Welcome to Bangladesh

I hand my passport to the immigration official. He looks at the passport, then looks at me. Page by page, he studies the passport. He calls other immigration officials over. I’m conscious of being one of only a few women, and the only white woman, visible in the airport. I’ve dressed conservatively; I remember very well what it’s like to be a Western woman in a Muslim country.

Soon eight military/immigration officials are paging through my passport, staring at me after the turn of each page. I want to disappear into the ground, but remind myself to stand tall and not slouch. I continue to watch them with a slight smile on my face. Surprisingly, or perhaps not, I’ve been in enough situations where I’ve been questioned/interrogated that I’ve figured out the best way to react. Stand upright, but not aggressively. Have a pleasant, though not overly friendly look on your face. Keep your arms by your side, don’t cross them in front of you. Don’t speak unless spoken to. Offer only information requested.

One of the military men notices my nose piercing. He smiles and points to his nose then to me. “You Bangladeshi.” I smile slightly and nod. They all stare at my nose and comment among themselves. Suddenly something in my passport has caught their attention. I hear murmurs. I think quickly. Are there any stamps which would raise concern among Bangladeshis? I don’t think so…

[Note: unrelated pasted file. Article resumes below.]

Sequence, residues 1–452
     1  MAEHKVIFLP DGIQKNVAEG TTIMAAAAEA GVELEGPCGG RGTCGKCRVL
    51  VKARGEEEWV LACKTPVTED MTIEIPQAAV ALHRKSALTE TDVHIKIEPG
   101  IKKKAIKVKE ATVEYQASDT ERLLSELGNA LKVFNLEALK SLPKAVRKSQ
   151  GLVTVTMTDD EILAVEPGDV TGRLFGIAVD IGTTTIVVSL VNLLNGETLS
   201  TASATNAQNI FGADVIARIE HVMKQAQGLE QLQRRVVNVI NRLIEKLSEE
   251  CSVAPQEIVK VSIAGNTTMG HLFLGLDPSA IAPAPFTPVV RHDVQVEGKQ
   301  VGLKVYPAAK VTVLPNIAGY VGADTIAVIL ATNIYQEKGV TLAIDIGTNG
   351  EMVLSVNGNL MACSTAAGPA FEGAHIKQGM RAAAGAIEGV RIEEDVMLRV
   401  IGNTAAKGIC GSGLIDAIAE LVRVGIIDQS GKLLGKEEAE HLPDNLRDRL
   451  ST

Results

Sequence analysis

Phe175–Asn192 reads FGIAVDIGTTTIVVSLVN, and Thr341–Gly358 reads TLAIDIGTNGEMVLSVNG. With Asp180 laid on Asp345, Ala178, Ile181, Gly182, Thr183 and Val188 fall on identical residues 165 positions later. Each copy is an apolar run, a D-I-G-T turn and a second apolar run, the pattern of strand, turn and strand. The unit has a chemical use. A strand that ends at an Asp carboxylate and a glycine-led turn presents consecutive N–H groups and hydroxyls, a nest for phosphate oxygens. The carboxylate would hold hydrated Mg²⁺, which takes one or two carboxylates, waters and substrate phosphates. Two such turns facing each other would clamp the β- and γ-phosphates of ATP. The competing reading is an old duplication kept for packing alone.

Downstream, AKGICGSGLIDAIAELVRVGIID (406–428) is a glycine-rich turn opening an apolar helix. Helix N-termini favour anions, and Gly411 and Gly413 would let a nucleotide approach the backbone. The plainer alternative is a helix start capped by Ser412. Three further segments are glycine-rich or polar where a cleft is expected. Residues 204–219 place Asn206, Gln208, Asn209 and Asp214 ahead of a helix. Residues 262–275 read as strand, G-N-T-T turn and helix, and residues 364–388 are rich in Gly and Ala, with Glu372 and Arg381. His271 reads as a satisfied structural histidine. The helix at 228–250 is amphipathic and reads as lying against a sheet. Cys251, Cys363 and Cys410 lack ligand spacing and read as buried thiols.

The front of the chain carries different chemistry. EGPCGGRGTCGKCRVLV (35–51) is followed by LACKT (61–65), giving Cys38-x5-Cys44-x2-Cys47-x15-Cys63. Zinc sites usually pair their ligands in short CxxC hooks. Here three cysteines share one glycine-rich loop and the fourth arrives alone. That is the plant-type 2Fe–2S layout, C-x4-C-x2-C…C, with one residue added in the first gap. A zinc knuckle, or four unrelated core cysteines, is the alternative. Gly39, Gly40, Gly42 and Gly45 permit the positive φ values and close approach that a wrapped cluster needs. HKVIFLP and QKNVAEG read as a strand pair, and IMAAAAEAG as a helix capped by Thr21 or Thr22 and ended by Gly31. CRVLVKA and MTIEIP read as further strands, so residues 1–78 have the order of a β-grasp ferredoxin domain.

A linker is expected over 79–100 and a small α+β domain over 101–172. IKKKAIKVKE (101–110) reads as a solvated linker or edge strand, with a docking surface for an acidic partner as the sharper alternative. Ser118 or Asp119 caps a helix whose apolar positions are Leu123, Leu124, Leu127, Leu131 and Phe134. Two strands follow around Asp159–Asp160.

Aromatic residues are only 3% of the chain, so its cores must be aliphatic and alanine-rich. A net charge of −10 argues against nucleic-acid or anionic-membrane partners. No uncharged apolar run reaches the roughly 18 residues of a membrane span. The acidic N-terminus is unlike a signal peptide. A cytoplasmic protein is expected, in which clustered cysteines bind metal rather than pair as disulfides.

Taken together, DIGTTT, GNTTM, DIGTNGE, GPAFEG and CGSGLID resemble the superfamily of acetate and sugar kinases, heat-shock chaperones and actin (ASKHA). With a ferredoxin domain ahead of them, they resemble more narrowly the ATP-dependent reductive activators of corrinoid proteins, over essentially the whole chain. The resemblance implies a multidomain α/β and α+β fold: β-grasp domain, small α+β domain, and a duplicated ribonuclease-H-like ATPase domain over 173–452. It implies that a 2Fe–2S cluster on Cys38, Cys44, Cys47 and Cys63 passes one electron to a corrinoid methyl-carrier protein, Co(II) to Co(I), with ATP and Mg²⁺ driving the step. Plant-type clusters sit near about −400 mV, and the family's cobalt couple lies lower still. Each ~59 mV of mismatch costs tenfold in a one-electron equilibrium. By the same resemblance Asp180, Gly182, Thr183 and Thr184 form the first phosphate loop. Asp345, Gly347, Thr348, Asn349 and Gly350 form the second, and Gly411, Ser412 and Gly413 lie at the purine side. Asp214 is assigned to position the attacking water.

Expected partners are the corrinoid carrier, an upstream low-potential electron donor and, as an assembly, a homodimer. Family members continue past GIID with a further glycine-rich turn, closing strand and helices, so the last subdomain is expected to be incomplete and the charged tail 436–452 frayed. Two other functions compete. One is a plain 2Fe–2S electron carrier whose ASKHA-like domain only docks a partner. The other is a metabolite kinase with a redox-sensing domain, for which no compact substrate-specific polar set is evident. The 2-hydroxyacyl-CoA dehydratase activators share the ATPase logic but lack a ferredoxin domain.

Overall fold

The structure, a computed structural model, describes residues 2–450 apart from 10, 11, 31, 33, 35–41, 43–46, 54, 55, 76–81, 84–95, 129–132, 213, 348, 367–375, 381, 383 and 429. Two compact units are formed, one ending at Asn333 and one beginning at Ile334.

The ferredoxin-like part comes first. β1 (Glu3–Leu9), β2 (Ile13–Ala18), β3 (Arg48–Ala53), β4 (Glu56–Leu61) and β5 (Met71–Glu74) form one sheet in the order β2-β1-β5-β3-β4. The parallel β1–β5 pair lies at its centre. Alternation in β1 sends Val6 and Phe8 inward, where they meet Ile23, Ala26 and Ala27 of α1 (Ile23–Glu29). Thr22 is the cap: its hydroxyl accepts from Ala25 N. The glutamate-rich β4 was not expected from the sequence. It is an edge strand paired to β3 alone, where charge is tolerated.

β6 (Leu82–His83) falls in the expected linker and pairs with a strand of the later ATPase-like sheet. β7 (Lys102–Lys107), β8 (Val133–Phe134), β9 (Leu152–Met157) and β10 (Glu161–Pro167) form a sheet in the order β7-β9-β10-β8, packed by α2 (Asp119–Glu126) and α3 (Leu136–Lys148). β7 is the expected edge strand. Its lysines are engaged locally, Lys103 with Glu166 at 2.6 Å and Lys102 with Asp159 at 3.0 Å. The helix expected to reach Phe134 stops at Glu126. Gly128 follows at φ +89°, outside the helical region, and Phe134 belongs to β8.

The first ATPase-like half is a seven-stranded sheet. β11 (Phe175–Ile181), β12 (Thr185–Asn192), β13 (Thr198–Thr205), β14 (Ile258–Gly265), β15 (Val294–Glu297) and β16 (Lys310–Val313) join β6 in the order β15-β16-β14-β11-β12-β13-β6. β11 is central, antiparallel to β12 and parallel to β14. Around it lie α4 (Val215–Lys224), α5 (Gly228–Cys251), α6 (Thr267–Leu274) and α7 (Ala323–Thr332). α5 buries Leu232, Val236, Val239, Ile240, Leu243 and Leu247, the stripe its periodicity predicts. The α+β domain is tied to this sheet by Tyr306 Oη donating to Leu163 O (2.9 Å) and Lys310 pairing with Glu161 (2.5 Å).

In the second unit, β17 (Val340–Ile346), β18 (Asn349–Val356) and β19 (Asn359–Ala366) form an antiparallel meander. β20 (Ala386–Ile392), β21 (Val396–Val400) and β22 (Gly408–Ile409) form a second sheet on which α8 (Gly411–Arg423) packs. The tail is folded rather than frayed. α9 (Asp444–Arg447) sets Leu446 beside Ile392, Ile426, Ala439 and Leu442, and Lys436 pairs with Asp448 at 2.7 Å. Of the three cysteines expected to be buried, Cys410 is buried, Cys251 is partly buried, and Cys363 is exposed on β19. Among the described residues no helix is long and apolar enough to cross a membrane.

Finally one of them says, “1968? You?” I smile slightly and nod. He emphatically says something to the rest of the group in Bangla. They all stare again. I continue to stand, waiting for them to finish. “Look so young – you!” I quietly say, “Thank you” and remain standing there. I know that eventually they will tire of staring at me.

I am the only person remaining in immigration. My male colleague waits for me on the other side of the desks, laughing at the scene before him. The immigration officials look at me and say, “Alone?” I am eternally thankful I am not. I smile slightly. “No,” and I nod towards my colleague. The turn to see him waiting for me. I immediately get a stamp in my passport. “Welcome to Bangladesh!”

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